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Male Hypogonadism
April 2003

Q. I've read the American Association of Clinical Endocrinologists Medical Guidelines for the treatment of hypogonadism in adult male patients and have a query. There is considerable focus on infertility in the literature that deals with hypogonadism. Do I sense correctly from that document, that a history of fertility into middle age does not preclude the possibility of the long term presence of an endocrine disorder, such as that which might be caused by a pituitary adenoma or other endocrine disorder?

A. Male hypogonadism is a deficiency of testosterone, the male hormone, meaning the testes are failing to produce testosterone, sperm, or both. This can occur in infancy, during puberty, or in adulthood. The characteristics and symptoms will depend on the age of onset and the underlying cause.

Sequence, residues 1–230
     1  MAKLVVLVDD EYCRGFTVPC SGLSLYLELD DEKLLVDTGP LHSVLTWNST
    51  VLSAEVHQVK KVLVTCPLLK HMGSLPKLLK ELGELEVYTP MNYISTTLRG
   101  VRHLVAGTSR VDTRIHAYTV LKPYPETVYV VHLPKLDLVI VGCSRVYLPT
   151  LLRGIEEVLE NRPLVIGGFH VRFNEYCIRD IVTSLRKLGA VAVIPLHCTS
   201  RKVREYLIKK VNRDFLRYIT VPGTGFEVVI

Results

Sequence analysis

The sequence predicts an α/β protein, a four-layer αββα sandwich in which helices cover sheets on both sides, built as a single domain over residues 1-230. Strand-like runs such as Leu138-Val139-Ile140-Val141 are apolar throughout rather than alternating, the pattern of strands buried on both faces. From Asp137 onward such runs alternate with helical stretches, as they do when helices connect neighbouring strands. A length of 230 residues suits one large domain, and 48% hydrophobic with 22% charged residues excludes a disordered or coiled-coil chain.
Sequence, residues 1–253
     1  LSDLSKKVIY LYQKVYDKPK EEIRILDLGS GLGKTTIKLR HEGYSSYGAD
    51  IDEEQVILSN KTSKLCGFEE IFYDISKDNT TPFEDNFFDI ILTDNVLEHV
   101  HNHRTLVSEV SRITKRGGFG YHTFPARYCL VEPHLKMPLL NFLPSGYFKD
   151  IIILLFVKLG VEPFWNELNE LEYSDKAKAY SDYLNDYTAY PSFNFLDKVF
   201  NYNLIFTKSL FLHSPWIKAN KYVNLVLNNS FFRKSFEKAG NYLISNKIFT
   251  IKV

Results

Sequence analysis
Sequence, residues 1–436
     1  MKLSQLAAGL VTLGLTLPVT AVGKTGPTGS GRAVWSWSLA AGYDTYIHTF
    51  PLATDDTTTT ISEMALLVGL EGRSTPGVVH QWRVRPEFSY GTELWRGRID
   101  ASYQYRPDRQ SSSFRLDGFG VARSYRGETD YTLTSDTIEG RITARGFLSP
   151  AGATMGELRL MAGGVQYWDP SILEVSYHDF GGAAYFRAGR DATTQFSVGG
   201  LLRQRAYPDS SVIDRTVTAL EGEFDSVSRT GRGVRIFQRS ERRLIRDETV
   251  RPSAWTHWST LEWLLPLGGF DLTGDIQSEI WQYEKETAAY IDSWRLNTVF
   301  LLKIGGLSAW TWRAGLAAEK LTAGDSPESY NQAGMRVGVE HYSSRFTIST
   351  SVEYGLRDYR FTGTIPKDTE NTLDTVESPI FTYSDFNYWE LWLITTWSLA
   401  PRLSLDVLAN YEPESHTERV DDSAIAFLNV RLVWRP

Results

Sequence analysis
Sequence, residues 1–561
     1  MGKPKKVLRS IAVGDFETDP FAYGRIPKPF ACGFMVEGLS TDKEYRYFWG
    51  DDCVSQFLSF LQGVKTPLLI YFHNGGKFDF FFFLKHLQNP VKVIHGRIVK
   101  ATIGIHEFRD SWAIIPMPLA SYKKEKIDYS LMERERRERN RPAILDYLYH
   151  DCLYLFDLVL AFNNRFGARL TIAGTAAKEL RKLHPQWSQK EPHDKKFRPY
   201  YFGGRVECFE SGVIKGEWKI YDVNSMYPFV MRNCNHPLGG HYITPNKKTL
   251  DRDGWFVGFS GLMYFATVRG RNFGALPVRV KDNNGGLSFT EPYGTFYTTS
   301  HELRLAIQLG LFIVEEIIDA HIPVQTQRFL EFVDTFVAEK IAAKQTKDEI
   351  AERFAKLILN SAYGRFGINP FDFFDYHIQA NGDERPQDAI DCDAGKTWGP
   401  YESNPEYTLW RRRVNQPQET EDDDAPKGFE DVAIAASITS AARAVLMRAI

Primary testicular failure means the testes never acquire the ability to produce hormones, whereas secondary means the testes fail due to lack of proper signal from the pituitary gland in the brain, or other causes. So a male could indeed have children and later be affected by a secondary cause of testicular failure.

This would be confirmed with a blood test finding low testosterone levels, and the treatment would depend on the underlying cause. An endocrinologist is the specialist who could help in this regard.



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